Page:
August 21, 2019
Members were asked what they consider to be the top priority in ensuring Scotland's art sector is a healthy, viable and sustainable area to work in...
The Scottish Artists Union are keen to understand how external factors, such as Brexit, affect members. Members were asked what the impact of the Brexit vote has been so far on their practice and working life.
Over half (63) of the survey respondents provided an answer to this question, for those that answered, nearly a quarter (24%) noted that Brexit has yet to have an impact on their practice.
For those that felt it has had an impact (a few were clear to mention that they didn’t have proofthat the impact was directly as a result of Brexit), this was mainly in relation to a reduction in their sales, explained by higher levels of caution from buyers and reduced spending.
Some talked about increased costs of materials, and their inability to develop international links since the vote therefore impacting on the opportunities for international work.
Others commented on the uncertainly around Brexit – particularly in relation to what the impact will be once it actually happens, the not knowing aspect of it leaving a sense of anxiety about the future:
When asked about the impact of Brexit on future plans, 70 out of the 104 respondents provided comments.
Again, popular responses were around the uncertainty of the future, respondents not knowing what is going to happen and how they might be able to respond – with an overall sense of negativity about the impact, despite not knowing what that impact will be.
Over a quarter (27%) had worries about European connections – members talked a lot about the loss of opportunities to work and collaborate with European colleagues.
Some talked about the reduction in funding available, and the perceived impact Brexit will have on the wider economy is leading to less sales and commissions of their work.
A small number of members felt however that there would be no change.
“It remains pointless trying to talk to European colleagues about projects that might entail funding from EU-supported sources being spent in the UK or vice versa.”
Another external factor the Scottish Artists Union are keen to know more about is equality. The survey therefore asked a small number of questions about members’ thoughts on theinequalities that exist within the sector and how this affects their career paths.
Over half (63) of survey respondents answered the question on inequalities within the arts.
Gender inequalities within the arts was most frequently identified by members (30% of respondents), closely followed by and social class (by 27% of respondents).
While one member noted that there has been significant improvements in relation to gender, largely due to more women working in the sector and actively supporting each other, others suggested that there is still inherent sexism within the sector.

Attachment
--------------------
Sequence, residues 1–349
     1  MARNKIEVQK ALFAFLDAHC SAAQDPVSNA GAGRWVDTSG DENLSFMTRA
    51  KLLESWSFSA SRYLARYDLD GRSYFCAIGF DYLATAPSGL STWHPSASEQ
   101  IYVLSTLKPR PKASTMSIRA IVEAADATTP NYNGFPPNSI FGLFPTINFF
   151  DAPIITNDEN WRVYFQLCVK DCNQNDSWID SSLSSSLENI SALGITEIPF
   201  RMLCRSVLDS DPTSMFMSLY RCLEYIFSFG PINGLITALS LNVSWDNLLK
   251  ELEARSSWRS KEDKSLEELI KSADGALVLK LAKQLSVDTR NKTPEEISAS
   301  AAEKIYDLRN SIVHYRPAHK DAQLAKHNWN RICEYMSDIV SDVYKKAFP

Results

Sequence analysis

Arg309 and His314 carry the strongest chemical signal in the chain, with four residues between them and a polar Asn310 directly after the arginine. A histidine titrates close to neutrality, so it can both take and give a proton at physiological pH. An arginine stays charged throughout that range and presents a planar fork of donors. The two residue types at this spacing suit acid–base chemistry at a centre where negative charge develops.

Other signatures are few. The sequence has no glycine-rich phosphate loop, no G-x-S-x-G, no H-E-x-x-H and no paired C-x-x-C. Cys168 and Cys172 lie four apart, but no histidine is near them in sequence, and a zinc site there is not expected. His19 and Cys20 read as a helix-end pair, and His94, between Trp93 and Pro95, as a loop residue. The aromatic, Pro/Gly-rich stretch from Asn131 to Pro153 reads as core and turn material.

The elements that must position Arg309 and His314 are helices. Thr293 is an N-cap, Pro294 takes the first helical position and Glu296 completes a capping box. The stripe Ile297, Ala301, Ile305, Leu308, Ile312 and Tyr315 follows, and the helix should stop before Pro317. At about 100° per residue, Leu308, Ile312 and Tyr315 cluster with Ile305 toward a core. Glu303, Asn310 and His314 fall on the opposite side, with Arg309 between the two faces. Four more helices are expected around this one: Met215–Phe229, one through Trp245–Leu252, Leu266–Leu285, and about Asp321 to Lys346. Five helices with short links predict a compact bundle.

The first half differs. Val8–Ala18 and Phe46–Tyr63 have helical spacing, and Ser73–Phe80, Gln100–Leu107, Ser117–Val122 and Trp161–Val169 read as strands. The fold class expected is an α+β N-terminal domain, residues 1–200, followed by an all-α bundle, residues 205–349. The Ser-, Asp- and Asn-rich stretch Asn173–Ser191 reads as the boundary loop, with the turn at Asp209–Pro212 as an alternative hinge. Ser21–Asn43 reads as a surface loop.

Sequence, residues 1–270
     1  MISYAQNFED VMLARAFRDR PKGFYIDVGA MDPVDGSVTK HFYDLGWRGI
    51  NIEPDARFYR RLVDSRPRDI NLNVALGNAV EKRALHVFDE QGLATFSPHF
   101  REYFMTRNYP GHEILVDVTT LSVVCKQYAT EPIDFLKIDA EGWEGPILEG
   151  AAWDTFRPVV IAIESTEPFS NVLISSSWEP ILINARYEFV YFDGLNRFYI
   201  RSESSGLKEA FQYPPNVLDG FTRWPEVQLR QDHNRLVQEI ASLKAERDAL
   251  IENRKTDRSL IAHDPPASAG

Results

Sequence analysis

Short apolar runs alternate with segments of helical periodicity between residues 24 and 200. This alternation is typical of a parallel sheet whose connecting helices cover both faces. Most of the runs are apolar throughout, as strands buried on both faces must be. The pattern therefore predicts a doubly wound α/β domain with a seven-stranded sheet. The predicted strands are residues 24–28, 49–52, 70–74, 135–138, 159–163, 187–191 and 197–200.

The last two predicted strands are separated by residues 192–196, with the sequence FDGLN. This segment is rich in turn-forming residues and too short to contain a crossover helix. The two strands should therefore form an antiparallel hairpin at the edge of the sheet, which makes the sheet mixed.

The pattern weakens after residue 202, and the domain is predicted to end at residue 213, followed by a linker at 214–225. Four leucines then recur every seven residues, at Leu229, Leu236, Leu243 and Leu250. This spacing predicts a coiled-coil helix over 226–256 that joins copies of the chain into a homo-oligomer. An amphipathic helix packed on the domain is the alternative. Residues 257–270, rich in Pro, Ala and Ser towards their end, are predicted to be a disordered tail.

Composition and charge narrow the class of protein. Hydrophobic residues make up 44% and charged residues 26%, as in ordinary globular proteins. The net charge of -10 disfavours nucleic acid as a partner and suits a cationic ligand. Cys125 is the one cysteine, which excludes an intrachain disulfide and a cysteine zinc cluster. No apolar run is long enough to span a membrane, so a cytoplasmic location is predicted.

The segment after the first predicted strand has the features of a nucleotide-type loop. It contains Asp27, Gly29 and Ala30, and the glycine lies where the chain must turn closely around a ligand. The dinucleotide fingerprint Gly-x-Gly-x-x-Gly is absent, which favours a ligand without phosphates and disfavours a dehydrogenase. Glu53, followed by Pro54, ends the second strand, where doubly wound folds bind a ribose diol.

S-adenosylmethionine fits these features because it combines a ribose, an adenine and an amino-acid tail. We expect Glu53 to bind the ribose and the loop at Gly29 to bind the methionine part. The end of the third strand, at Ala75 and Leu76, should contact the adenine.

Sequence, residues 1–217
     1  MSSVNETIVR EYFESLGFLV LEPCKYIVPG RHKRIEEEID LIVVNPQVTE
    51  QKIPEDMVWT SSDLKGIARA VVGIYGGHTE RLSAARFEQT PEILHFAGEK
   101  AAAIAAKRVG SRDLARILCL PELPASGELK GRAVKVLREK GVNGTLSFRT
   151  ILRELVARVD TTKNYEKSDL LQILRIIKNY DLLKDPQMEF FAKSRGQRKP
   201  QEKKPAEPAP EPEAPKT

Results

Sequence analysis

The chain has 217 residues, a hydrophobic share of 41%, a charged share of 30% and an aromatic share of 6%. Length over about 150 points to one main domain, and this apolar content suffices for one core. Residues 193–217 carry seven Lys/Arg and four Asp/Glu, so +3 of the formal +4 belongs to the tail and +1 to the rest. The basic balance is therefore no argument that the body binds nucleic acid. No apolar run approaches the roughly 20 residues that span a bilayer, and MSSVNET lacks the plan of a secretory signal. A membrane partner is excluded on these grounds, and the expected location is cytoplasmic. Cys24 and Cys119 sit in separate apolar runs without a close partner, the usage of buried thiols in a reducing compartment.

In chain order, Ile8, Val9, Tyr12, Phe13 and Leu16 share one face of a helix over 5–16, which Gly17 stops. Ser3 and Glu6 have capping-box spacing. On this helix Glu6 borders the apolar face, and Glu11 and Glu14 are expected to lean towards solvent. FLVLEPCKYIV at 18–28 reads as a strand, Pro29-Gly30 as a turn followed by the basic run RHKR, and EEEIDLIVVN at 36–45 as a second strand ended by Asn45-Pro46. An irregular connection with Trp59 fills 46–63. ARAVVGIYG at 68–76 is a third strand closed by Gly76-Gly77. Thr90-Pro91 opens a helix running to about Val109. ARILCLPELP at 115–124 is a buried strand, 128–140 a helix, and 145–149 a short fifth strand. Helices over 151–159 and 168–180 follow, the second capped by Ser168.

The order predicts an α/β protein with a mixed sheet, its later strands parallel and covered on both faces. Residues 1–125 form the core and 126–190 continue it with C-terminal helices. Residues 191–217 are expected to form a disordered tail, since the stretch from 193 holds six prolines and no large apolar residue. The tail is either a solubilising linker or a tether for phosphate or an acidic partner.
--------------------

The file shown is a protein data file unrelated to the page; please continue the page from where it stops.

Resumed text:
Related to this, some members identified continued societal expectations for women to also run a house and take on caring responsibilities often impacting on their practice, and the fact that there are still experiences of a gender pay gap. One also talked of the “slightly sexist attitudes regarding female painters - that their work ought to be more ‘comfortable’.“
Responses around social class centred largely on a perception that people in the arts are predominantly from more privileged backgrounds - this is supported by the analysis of membership location data in relation to the Scottish Index of Multiple Deprivation, presented in the following post.
Some talked of the challenges faced being an artist if you don’t have family supporting you.Respondents who identified as working class talked about their isolation at art school and a realization that those with money are those more able to pursue a more viable career. Some felt this also links to the perceived nepotism and elitism that feels rife within the sector.
Other inequalities mentioned were ageism, racism, income, and geographic location, how well known you are as an artist, and whether you went to art school (or were self-taught).
When asked whether the perceived inequalities within the sector affect their career paths, 45% of the 71 members who answered this question responded yes, 17% answered no, and 38% answered maybe.
Priorities for the sector
Members were asked what they consider to be the top priority in ensuring Scotland's art sector is a healthy, viable and sustainable area to work in. Two thirds (65%) responded to this question.
Well over a third (40%) of those members who responded consider fair pay and working conditions as the top priority for ensuring the sector is healthy, viable and sustainable area to work in.
“Artists need to stop working for nothing.”
Members also talked about the need to be able to access affordable studio spaces in order to carry out their work.
Other popular responses were the need to be able to access funding, and making funding more readily available.
Members also mentioned a need to raise public awareness about the value of the arts and the impact it can have, particularly pointing to a change in the way government policy supports the arts.
Comments were also made on the need for artists to support each other, creating opportunities for professional development and the sharing of learning to strengthen them as a sector.